Like most photographers I know that suffer some form of GAS (Gear Acquisition Syndrome), I am forever searching for a ‘better’ bag to carry my camera gear.  It is an endless pursuit as our gear changes regularly or the needs of the day require different gear to be with me. Or, at times, it is tough to find a bag that you actually like. I have talked in past blogs about my DSLR days and carrying such heavy and bulky gear.  I cannot believe now the size of the camera bags I used to carry. The bags themselves can weigh several kilograms even empty. And they are big and bulky and awkward. Crazy.

With smaller and lighter gear I am able to pursue a more subtle style of camera bag.  And that is especially important for Street Photography too.  No good having a discrete camera whilst carrying a bright yellow bulky bag that just screams photographer.  And that is a big problem with camera bags.  Some of them are just so obviously camera bags.  And when travelling I would rather not advertise that I am likely to be carrying thousands of dollars of equipment. I don’t understand why camera bag manufacturers feel the need to brand their gear so significantly. Even with many of them releasing ‘street series’ bags, they still look like camera bags.


I wanted a stylish street photography bag that was compact, weather resistant and comfortable.  So over the years I have acquired several decent and even great camera bags.  But never have I owned one that I ever truly felt comfortable with.  Backpacks are very convenient for carrying gear, especially when travelling,  but access to your gear is all behind you.  And that also makes for a security issue if in a crowded area or even on a crowded train.  So I often found I would be removing my backpack and carrying it awkwardly in front of me when in such a situation.  Plus, wearing a backpack makes me very hot especially if I am out walking for any period of time.  I know. I know.  I am a little precious.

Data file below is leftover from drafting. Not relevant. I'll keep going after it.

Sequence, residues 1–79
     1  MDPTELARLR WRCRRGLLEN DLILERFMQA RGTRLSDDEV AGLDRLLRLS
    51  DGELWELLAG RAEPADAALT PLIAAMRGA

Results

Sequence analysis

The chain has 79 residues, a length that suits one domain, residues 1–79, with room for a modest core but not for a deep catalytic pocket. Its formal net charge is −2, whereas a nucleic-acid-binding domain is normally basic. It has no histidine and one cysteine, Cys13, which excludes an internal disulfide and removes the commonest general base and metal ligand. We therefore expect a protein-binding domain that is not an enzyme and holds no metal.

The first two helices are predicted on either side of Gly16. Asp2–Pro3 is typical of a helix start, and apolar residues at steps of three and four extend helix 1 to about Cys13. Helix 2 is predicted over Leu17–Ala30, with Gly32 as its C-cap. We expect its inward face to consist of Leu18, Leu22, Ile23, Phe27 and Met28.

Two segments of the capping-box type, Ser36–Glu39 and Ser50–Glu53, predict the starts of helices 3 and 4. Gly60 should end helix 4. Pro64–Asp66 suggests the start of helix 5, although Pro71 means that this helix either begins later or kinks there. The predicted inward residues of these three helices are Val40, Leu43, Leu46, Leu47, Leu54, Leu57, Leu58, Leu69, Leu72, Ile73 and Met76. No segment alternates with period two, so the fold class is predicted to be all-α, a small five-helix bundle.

Then I came across ONA bags in a Melbourne camera store.  I had always overlooked these as they seemed to be a premium brand out of my reach of affordability.  They are of exceptional quality and are made from premium leather and waxed canvas.  They also make a range of nylon bags.  They have a handful of great designs that range from small to very large messenger bags and even backpacks.  Each design, for the most part, comes in a range of all leather finishes as well as a range of different colour waxed canvas.  Leather accents and brass buckles and fixings highlight the look and usability of these bags. For Leica users they even have a special range with very subtle Leica markings. No more than a red dot where the non-Leica version has brass.

With these bags you do pay premium dollars, but you definitely get what you pay for.  And when I think about the cost, I also think about the fact that the added cost of several lesser bags I have tried that I have either given up on or they have deteriorated very quickly, would be comparable. So in hindsight it would have probably been more economical to have gotten it right the first time and gone straight to a premium brand. But like any pursuit it is no fun finding the hidden treasure on the first go. Or so I tell myself. So I took the plunge and to be honest, whilst on sale, the cost was actually not outrageous.